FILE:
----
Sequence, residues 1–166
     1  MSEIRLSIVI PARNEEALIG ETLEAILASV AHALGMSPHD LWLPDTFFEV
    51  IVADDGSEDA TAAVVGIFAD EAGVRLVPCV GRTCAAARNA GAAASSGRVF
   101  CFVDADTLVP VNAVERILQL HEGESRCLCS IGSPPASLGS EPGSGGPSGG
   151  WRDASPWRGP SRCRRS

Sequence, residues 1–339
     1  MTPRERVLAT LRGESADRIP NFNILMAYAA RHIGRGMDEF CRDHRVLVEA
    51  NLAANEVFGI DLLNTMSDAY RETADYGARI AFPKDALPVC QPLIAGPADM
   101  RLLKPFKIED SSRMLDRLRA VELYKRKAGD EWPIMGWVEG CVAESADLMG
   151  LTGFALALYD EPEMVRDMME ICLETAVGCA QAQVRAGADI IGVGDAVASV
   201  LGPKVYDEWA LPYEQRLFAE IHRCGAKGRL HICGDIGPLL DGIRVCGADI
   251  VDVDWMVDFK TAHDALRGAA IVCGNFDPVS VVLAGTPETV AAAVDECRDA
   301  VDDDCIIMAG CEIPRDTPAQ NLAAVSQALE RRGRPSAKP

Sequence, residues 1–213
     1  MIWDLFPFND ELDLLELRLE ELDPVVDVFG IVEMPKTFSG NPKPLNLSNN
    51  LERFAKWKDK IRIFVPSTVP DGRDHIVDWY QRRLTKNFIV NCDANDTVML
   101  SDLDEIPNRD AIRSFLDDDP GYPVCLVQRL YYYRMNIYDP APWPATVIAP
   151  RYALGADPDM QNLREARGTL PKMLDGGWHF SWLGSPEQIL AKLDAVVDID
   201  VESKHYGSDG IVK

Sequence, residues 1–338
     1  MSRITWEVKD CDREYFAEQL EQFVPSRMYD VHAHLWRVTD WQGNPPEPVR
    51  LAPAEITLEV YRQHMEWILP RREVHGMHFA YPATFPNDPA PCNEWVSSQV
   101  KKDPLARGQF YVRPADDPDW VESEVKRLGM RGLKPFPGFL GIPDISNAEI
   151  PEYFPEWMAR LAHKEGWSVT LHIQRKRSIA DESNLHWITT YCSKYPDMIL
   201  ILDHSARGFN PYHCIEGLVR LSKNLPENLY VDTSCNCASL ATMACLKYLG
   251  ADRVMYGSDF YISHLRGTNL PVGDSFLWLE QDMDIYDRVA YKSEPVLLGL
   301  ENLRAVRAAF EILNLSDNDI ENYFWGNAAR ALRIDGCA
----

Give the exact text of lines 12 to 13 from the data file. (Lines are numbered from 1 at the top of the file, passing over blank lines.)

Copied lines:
   251  VDVDWMVDFK TAHDALRGAA IVCGNFDPVS VVLAGTPETV AAAVDECRDA
   301  VDDDCIIMAG CEIPRDTPAQ NLAAVSQALE RRGRPSAKP